Partial Government Shutdown impacts local services

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Evansville Courier and Press on 01/08/2019 by Segann March

EVANSVILLE, Ind. — While the nearly three-week government shutdown has impacted more than 800,000 federal employees and various agencies nationwide, its local impact has been minimal.

News reports surfaced over the weekend that one well-known federal initiative — Supplemental Nutrition Assistance Program (SNAP) — may have limited funding after Jan. 31 which would impact the over 12 percent of Vanderburgh County households receiving food stamps.

The SNAP provides the benefits commonly known as food stamps and, as of now, “will continue operations and eligible households will receive monthly benefits for January,” according to a statement from the federal agency.

USDA announced Tuesday that SNAP beneficiaries will receive full benefits in February, which will be readily available on EBT cards on or before Jan. 20, if states request an early issuance to USDA.

“We know that this is a time of great uncertainty and no doubt some anxiety for the people that rely on SNAP, and dealing with tough times,” Brandon Lipps, Acting Deputy Undersecretary for Food, Nutrition, and Consumer Services (FNCS) said during a media briefing Tuesday afternoon. “Our child nutrition programs have sufficient funding to continue operations through March.”

USDA is still considering various options for March benefits, they announced. There is $3 billion in the contingency fund; however, those funds aren’t being used to provide February benefits.

In 2016, nearly 319,000 households throughout Indiana were SNAP recipients, according to the USDA.

Other agencies in the region have felt little impact.

Transportation Security Administration (TSA)

TSA personnel are employed under the U.S. Department of Homeland Security, which monitors security for flight passengers.

USA Today reported that nearly 38,000 employees of the U.S. Department of Homeland Security have been furloughed since the government shutdown.

A reported sickout by still working TSA employees nationwide in response to the federal government shutdown hasn’t impacted Evansville Regional Airport TSA agents, local officials said.

EVV marketing director Leslie Fella said the number of TSA employees calling in sick locally since the shutdown has remained consistent with this time of year in year’s past.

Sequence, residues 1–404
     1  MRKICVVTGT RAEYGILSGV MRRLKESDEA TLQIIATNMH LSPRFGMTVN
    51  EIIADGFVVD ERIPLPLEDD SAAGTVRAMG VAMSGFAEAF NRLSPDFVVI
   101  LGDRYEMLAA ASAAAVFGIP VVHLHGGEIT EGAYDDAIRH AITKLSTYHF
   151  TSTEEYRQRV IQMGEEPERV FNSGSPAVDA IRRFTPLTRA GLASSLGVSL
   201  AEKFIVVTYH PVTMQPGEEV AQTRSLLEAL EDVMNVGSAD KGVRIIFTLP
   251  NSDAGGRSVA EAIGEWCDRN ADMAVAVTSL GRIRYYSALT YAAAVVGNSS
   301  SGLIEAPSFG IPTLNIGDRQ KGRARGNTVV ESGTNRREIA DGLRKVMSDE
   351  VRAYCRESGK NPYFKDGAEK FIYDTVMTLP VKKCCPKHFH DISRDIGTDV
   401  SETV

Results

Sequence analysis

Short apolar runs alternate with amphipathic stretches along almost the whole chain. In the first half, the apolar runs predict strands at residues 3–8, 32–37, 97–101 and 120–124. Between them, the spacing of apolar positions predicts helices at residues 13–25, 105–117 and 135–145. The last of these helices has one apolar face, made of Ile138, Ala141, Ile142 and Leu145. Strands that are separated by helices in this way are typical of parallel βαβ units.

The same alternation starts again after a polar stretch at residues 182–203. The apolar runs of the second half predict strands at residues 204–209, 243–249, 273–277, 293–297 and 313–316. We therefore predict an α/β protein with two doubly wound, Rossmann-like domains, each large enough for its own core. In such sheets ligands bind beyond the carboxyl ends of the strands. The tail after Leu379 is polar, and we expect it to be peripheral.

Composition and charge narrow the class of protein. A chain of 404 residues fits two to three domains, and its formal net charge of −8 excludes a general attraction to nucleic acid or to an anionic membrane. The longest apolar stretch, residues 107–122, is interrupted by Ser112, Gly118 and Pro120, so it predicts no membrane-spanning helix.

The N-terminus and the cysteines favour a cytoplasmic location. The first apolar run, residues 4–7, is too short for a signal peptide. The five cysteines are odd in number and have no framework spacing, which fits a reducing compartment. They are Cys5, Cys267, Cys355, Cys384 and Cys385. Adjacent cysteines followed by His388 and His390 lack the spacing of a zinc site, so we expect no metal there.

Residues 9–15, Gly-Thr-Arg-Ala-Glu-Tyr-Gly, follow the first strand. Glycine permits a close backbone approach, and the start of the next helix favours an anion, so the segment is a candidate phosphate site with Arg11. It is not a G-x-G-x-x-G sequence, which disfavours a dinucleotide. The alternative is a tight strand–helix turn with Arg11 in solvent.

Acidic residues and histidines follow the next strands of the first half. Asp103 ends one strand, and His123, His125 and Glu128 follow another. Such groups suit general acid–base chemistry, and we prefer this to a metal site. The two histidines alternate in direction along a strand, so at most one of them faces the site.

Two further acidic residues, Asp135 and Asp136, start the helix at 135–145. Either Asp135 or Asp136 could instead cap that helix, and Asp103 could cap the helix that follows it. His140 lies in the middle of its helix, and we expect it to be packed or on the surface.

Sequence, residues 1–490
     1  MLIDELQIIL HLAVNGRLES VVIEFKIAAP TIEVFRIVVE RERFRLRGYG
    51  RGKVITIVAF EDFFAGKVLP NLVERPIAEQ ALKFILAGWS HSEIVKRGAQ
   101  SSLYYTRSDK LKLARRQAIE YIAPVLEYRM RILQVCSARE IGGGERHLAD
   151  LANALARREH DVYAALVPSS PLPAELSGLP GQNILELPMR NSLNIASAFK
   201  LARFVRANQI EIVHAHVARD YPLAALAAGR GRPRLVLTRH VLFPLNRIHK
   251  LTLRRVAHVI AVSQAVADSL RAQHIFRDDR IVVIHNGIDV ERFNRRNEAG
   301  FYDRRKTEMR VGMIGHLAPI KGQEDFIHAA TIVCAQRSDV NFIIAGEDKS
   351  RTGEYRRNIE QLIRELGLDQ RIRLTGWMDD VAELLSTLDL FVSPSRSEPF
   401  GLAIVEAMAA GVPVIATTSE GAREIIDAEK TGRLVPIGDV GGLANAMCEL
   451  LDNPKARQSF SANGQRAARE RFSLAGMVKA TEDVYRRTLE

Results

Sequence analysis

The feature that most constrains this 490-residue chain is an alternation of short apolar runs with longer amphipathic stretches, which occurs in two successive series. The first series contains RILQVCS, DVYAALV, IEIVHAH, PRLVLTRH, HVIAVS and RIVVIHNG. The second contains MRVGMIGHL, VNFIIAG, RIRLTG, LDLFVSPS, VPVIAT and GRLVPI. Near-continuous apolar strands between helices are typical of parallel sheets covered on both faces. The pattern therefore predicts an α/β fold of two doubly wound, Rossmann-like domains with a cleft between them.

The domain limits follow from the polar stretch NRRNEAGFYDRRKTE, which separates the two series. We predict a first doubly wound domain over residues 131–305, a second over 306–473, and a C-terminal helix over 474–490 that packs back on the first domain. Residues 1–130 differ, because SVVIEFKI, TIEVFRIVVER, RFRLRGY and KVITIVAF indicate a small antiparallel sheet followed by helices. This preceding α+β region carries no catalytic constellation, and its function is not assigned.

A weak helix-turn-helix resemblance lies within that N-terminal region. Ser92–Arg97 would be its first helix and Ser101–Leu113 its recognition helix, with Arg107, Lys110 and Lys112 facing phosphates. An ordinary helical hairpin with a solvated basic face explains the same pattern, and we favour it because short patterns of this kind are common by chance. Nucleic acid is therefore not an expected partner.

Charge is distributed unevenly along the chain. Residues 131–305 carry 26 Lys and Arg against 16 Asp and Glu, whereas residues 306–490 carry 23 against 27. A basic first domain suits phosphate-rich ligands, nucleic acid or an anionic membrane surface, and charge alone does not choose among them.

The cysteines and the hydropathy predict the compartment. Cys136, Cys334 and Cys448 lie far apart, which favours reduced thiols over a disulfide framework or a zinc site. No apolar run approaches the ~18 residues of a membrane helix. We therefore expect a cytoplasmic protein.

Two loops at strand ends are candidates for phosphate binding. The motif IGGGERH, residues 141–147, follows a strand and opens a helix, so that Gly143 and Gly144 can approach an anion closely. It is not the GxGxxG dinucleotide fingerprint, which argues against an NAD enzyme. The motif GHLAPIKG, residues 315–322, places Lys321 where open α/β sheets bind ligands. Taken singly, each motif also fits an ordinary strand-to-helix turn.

The Indianapolis Star reported Monday that TSA agents appeared to be fully staffed at the Indianapolis International Airport this week.

TSA agents, like many government workers, will not receive paychecks due to the shutdown.

WIC

The Special Supplemental Nutrition Program for Women, Infants and Children (WIC) in Vanderburgh County will not be affected by the government’s shutdown.

Funding for the program is in “good shape” for Vanderburgh residents, said Mary Ellen Stonestreet, WIC coordinator at the Vanderburgh County Health Department.

“We are in good financial standing, and we do have funding until the end of September,” she said. “We are funded until that time. Clients will still be able to get their WIC benefits at the grocery (stores). There are funds to pay the groceries for the WIC food.”

The program provides Federal grants to states for supplemental foods, health care referrals and nutrition education for breastfeeding, non-breastfeeding post-partum and low-income pregnant women, infants and children.

National Parks

The National Park Service stated on its website that some national parks will remain accessible to visitors, but access can change without notice. And some parks are closed completely due to the government shutdown.

“For most parks, there will be no National Park Service-provided visitor services such as restrooms, trash collection, facilities or road maintenance,” according to the website.

The George Rogers Clark National Historical Park in Vincennes, Indiana, and Lincoln Boyhood National Memorial Park in Spencer County, Indiana, are accessible to the public as of now, although services there are restricted. Some Mammoth Cave National Park areas are accessible but there are no services available

About 401 parks, monuments and cultural sites operated by the National Park Service closed due to the 2013 government shutdown.